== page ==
One of the things I’m most curious about is the way that my original email has been edited for publication. Here’s my original email.
I appreciate that when I originally wrote the email, I was not thinking of it being published word for word. I’m not entirely sure what I thought, the pictures I attached were more important. Under these circumstances, the email was almost certain to be edited.
The language used in the edited version, however, does not, to me, sound like me! To be honest – I hope I sound more intelligent and slightly less over-enthusiastic! And it’s got me thinking about UK cross stitch magazines. I don’t often buy magazines for two reasons – the designs don’t often appeal and the style in which they’re written.
And I was reminded me of an article by Patricia Bage in Classic Stitches towards the end of last year (I can’t check as it’s stored with the still inaccessible stash) in which she commented on the differences in the British and American markets. Apparently, in the American market, designs using mixed stitches are far more popular, whereas the British market prefers cross stitch alone. I think also that kits were perhaps more popular in the British market, whereas in the American market, there was much more interest in ‘manually’ kitting up a project and selecting the fabric and flosses.
Now, I realise I’m generalising very much here, but I’d be interested in the comments and observations of others on this.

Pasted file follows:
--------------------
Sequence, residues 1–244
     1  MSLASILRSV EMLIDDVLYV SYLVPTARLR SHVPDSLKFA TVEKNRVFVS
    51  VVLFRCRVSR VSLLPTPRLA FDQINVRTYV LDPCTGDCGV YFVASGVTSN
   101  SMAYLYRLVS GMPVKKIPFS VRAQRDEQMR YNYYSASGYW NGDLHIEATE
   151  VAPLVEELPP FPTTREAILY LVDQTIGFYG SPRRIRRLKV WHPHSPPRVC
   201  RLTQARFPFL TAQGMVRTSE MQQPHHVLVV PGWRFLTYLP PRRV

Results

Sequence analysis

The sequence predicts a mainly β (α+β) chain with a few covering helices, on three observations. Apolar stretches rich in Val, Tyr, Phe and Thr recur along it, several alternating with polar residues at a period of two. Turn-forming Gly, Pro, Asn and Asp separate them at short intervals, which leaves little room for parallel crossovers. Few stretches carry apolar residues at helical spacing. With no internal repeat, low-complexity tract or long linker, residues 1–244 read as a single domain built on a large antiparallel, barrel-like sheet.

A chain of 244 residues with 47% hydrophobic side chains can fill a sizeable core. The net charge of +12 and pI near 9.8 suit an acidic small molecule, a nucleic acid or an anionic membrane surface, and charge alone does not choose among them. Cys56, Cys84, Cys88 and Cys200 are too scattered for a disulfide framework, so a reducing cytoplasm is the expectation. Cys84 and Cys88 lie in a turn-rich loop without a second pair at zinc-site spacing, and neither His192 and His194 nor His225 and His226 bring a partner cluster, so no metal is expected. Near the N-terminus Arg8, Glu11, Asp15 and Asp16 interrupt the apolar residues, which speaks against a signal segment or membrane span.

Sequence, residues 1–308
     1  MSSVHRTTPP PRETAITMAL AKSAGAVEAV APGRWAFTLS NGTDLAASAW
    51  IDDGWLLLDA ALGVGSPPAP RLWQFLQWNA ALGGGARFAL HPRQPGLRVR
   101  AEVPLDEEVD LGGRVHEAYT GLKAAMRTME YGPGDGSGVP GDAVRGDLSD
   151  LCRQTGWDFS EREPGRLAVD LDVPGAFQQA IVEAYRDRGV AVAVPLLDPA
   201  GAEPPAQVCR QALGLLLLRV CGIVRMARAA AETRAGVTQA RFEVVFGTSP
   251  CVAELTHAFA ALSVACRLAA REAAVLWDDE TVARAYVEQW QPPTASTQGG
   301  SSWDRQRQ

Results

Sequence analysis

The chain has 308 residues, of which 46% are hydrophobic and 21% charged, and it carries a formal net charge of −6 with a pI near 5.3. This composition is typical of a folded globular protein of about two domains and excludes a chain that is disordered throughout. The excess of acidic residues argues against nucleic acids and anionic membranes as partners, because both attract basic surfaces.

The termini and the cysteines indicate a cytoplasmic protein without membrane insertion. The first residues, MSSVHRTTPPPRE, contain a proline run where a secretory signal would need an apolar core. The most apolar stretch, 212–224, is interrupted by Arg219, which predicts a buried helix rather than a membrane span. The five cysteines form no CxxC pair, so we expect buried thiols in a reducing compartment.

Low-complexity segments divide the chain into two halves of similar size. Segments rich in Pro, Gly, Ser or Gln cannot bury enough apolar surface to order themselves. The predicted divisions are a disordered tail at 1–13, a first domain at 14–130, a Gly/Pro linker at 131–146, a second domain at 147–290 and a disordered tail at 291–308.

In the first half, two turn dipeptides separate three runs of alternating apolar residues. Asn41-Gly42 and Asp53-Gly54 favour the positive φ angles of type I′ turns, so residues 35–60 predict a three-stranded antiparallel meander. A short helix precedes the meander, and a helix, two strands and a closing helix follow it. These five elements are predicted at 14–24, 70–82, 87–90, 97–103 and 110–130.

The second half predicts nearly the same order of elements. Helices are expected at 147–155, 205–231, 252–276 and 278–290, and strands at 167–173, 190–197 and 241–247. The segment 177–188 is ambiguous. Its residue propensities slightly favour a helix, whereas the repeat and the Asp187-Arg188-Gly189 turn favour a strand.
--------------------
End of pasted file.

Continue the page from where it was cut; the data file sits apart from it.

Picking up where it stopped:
I wonder how unusual I am for a British stitcher and I wonder about the role of the Internet in this. In some recent British magazines, biscornus seem to be being sold as new and exciting. I first discovered biscornus around 3 years ago when I first got into stitching on the Internet, so they don’t seem quite so new to me (but still exciting) and the magazines seem to be out of step.
The stitching interests of the British stitchers whose blogs I read also seem to be far broader than just cross stitched pictures and I suspect Patricia Bage, in her article, missed out another market (as well as other parts of the globe), an international, perhaps internet-driven market, where people, perhaps like me, find the ‘home’ market too limited and are inclined to shop online and potentially internationally.
Anyone like to comment? And how typical are the American stitchers I encounter online of American stitchers? What's it like in other countries?
Finally, a giveaway. As a prize for having my letter published in the magazine, I've been sent a couple of small cross stitch kits, neither of which I am ever likely to stitch.
If anyone would like one or other or both of them, leave me a comment saying that you're interested!